Bowers, 46, was arraigned on Monday and faces 29 felony charges, including 11 counts of murder with a hate crime enhancement, and prosecutors have indicated they will seek the federal death penalty. US Attorney Scott Brady noted that Bowers told officers when he was arrested, "They're committing genocide to my people. I just want to kill Jews."
Bowers' comments reflect a common belief among white nationalists and neo-Nazis. For example, at the August 2017 "Unite the Right" rally in Charlottesville, Virginia, which featured a Who's Who of alt-right, fascist and white supremacist groups, attendees chanted, "Jews will not replace us."
The shooting comes only days after a bomb was found by the US Postal Service addressed to George Soros, a Jewish billionaire businessman, investor and philanthropist who lives in New York. Numerous allegations have been levied against Soros for his political contributions, including that he pays demonstrators to protest in what are colloquially known as "astroturf" movements, or artificial movements that mimic grassroots struggles borne out of community self-organization.
Radio Sputnik's Loud and Clear spoke with Mindy Isser, a labor organizer and member of the Jewish community in the Philadelphia area, about the type of anti-Semitism seen in the past week and its increasing prominence in American society.
"People hate Jews. And the same people who hate Jews, they also hate black people, they hate Muslims, they hate anyone who is not white and male, and I think something about anti-Semitism that functions, in some ways, differently than other oppressions is that it sort of diverts blame from the ruling class onto Jews, especially individual Jews. So maybe this guy has had a hard life and is economically oppressed… but if anything has gone wrong in his personal life, instead of looking at the system that we all live in, that's oppressive and exploitative, he's taught to look at Jews as the root of his problem. That's how anti-Semitism functions. So it makes sense that people are feeling emboldened, empowered to attack Jews these days."
Isser, who has been a union organizer for five years, said she "has worked on different campaigns with different kinds of workers in different industries, and one thing I found that's a constant and really interesting is [that] many different members of our class talk about the Rothschilds, talk about the Illuminati and all of these conspiracies that kind of put Jewish people at the forefront, as the cause of why they're poor and why they're oppressed, and blame this mysterious Jewish group for all of their problems. I think it's really difficult to have those conversations with people because, on the one hand, yes it's true there is a group that is the cause of all of our problems, so that part is true. But it's not the Jews, it's the capitalists, and trying to have that conversation can be really painful and really difficult as a Jewish person. But I think more and more now — obviously anti-Semitism has been around forever — but with Trump in the White House and white nationalists running for office unapologetically, it's easy for people to be open about hating Jews and blaming Jews for their problems."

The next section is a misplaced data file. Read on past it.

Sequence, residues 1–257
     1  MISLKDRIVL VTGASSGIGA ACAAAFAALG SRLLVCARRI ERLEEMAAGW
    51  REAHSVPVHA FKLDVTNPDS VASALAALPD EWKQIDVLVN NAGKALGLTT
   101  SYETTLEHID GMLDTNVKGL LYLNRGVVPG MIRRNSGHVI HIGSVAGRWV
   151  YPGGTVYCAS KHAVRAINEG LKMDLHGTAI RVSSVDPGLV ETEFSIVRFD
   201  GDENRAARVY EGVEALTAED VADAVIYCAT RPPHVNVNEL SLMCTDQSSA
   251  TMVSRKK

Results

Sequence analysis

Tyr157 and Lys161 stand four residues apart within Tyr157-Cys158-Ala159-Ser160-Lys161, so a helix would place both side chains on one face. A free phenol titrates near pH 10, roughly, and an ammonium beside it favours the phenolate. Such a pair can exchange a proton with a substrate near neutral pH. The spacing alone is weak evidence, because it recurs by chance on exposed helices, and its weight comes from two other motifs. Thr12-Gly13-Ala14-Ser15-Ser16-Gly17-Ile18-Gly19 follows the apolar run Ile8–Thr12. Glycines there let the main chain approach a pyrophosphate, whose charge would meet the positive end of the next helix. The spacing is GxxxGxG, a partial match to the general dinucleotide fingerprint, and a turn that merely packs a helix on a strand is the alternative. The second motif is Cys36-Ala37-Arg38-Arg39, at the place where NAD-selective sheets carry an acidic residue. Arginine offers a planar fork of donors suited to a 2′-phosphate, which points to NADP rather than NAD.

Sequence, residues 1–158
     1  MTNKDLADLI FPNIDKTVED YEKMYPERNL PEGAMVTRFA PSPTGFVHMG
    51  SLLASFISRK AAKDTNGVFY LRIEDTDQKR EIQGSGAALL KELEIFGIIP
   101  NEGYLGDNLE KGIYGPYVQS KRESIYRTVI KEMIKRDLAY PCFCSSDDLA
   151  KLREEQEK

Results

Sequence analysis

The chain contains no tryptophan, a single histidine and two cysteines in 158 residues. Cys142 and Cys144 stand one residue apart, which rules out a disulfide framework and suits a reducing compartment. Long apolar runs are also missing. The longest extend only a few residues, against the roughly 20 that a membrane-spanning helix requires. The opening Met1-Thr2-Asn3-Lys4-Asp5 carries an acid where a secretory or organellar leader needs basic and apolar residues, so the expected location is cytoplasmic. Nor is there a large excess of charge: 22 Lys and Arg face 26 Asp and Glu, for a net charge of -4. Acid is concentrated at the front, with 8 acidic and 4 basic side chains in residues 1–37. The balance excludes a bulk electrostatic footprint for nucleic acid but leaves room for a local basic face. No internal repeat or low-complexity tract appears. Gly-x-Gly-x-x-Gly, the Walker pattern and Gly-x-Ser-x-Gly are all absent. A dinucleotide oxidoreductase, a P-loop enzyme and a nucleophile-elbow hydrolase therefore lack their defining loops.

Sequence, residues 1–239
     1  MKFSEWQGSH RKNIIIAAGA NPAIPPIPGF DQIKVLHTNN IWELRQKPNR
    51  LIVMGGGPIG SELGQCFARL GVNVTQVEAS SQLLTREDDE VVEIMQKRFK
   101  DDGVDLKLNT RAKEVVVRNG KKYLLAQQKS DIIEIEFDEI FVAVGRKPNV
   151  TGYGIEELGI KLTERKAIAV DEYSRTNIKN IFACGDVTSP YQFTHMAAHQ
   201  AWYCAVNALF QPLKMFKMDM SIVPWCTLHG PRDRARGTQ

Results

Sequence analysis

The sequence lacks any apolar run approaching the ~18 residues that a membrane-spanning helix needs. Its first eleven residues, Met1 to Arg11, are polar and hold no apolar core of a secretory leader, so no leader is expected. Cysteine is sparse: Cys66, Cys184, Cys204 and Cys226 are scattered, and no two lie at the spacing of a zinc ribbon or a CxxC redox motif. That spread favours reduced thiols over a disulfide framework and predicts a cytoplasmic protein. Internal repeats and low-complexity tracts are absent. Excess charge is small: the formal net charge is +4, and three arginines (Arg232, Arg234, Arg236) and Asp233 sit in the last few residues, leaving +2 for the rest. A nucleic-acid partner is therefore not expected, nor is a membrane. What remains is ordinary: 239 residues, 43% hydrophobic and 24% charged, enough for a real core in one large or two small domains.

Isser told hosts Brian Becker and John Kiriakou that she was recently sending text messages in support of a ballot initiative in Maine, and one response she received was "stop sending me this George Soros socialism stuff, I don't wanna hear it, long live President Trump."
"That's the reality of the world we're living in," Isser said.
While noting that she agreed with an assessment by the Anti-Defamation League that "anti-Semitism has become mainstream" in American society, such as with the prevalence of conspiracy theories about Soros, Isser distanced herself from the ADL because she said it violates one of her primary maxims as a labor organizer — "an injury to one is an injury to all" — by being "anti-Muslim and anti-Palestinian, and I don't want to be aligned with that."
Isser said that "the right is blaming any kind of left or even liberal protesting or demonstrating or organizing on George Soros, as if he is just this very rich — which he is, of course — Jewish man with magical powers and is paying all of us and controlling all of us and making all of us get out in the streets, as if we wouldn't be doing it without his existence."
Becker noted that, while it's true that Soros is very closely aligned with the Democratic Party establishment and donates large amounts of money to organizations that encourage certain pro-Democratic types of political action, "95 or more percent of the demonstrations in this country against Trump's policies" are not orchestrated by Soros; the idea of Soros as a puppeteering mastermind is "false; that's actually ‘fake news.'"
Isser said, "I feel like the right-wing has been using calls of anti-Semitism really cynically for a long time around people like me who support the BDS [Boycott, Divestment and Sanctions against Israel] movement, and now when there's actual anti-Semitism happening, they're silent. And that's its own kind of anti-Semitism: this kind of deep obsession with Jews returning to Israel because they're just evangelicals, [but] who actually hate us and want to see us destroyed. So I think that's important to raise up… I don't believe in ethno-states; no one asked me if I wanted my own state. I don't believe in oppressing people on the basis of their religion or ethnicity, and the state of Israel goes against everything I was taught to think about Judaism and know about Judaism."